• Birth control pills and other hormone-based birth control may not work as well to prevent pregnancy. Use some other kind of birth control also, like a condom, when taking this drug and for 1 month after care ends.
  • Tell your doctor if you are pregnant or plan on getting pregnant. You will need to talk about the benefits and risks of using this drug while you are pregnant.
  • Tell your doctor if you are breast-feeding. You will need to talk about any risks to your baby.

What are some side effects that I need to call my doctor about right away?

WARNING/CAUTION: Even though it may be rare, some people may have very bad and sometimes deadly side effects when taking a drug. Tell your doctor or get medical help right away if you have any of the following signs or symptoms that may be related to a very bad side effect:

For all uses of this drug:

  • Signs of an allergic reaction, like rash; hives; itching; red, swollen, blistered, or peeling skin with or without fever; wheezing; tightness in the chest or throat; trouble breathing or talking; unusual hoarseness; or swelling of the mouth, face, lips, tongue, or throat.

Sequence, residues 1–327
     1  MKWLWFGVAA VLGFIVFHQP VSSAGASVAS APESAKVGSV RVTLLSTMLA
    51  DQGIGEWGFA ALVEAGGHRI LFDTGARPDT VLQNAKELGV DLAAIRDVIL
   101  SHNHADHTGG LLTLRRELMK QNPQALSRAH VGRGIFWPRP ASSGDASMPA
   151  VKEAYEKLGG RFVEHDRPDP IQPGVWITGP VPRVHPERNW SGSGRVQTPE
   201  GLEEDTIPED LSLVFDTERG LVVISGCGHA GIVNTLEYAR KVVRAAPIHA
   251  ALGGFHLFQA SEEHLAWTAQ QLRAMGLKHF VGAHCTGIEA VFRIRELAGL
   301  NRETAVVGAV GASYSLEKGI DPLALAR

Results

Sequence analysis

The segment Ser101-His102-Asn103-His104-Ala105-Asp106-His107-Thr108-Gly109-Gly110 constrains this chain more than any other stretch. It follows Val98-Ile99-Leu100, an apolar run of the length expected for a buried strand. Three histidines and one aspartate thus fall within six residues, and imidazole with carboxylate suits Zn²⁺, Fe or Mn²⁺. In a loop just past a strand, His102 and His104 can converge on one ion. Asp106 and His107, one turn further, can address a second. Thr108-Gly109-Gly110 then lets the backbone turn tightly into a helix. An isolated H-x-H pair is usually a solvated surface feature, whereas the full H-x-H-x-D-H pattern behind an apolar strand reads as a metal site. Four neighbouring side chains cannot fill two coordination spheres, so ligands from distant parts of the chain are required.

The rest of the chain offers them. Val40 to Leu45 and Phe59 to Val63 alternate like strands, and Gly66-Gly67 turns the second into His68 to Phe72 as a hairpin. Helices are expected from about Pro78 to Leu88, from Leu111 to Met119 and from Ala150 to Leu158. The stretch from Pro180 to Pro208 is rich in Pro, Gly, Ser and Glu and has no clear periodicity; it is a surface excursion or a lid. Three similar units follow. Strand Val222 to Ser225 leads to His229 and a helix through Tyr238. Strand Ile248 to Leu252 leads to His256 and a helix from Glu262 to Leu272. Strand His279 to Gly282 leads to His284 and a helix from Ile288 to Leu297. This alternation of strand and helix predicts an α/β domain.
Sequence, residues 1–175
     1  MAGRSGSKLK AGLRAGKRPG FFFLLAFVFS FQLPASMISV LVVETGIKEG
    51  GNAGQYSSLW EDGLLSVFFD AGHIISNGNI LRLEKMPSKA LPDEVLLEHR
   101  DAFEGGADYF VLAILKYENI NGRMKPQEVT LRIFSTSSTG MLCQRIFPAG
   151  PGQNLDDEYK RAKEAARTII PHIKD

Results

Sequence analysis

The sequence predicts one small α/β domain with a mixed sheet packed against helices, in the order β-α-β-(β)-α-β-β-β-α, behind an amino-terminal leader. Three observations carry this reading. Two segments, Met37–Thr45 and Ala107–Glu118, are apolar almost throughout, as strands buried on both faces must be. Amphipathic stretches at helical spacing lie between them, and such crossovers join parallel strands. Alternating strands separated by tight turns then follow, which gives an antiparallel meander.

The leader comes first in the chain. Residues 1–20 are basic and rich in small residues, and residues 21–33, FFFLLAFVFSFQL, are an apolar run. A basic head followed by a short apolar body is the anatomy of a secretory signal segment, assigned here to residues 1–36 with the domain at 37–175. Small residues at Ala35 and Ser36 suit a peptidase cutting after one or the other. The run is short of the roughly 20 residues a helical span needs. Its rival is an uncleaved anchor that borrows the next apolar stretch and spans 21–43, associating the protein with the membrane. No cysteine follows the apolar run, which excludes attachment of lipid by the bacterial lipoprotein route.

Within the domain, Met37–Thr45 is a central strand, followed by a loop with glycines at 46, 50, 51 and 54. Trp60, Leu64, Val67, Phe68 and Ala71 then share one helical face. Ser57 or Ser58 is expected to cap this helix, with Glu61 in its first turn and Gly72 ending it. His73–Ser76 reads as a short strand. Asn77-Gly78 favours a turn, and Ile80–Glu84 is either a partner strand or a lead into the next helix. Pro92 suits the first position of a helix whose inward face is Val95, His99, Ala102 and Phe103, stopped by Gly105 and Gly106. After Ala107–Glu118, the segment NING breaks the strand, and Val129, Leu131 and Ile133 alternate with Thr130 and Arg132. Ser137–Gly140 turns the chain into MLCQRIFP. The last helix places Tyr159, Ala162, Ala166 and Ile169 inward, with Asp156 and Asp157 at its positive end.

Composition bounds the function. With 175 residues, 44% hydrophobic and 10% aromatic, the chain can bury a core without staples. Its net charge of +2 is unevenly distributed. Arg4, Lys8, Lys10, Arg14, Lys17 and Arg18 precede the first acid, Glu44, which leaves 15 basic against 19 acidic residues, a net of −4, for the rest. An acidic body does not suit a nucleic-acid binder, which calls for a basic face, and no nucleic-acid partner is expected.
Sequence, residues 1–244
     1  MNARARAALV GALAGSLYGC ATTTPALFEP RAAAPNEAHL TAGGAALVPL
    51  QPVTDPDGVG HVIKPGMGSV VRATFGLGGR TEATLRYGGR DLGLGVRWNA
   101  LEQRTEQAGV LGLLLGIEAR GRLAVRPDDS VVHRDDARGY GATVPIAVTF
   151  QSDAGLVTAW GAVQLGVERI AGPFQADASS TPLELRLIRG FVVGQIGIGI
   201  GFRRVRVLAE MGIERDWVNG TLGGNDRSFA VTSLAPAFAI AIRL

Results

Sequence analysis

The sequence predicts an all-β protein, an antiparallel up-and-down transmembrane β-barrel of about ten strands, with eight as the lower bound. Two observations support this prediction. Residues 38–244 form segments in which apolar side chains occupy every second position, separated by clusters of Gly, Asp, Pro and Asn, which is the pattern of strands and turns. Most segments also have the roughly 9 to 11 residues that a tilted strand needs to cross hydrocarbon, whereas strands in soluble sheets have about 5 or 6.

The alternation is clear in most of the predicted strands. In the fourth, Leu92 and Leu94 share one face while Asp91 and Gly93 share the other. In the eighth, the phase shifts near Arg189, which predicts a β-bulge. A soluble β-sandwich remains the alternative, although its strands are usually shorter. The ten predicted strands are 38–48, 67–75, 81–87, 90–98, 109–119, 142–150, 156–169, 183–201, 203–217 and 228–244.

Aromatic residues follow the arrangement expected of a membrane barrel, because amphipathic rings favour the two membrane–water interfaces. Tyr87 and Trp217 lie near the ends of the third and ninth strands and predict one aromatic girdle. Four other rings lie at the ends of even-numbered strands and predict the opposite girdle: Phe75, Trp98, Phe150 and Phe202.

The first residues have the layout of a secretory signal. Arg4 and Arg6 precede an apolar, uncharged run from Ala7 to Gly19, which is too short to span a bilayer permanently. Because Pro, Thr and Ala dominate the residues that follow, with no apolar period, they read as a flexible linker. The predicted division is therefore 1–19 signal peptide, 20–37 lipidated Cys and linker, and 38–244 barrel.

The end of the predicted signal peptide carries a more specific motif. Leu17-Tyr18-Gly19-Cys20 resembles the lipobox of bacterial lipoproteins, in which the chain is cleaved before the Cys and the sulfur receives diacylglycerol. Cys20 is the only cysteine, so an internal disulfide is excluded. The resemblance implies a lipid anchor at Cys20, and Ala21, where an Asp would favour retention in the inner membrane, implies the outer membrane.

• A very bad skin reaction (Stevens-Johnson syndrome/toxic epidermal necrolysis) may happen. It can cause very bad health problems that may not go away, and sometimes death. Get medical help right away if you have signs like red, swollen, blistered, or peeling skin (with or without fever); red or irritated eyes; or sores in your mouth, throat, nose, or eyes.

For preventing upset stomach and throwing up from chemo:

  • Signs of infection like fever, chills, very bad sore throat, ear or sinus pain, cough, more sputum or change in color of sputum, pain with passing urine, mouth sores, or wound that will not heal.
  • More thirst.
  • Dry mouth.
  • Dry eyes.

For preventing upset stomach and throwing up from surgery:

  • Very bad dizziness or passing out.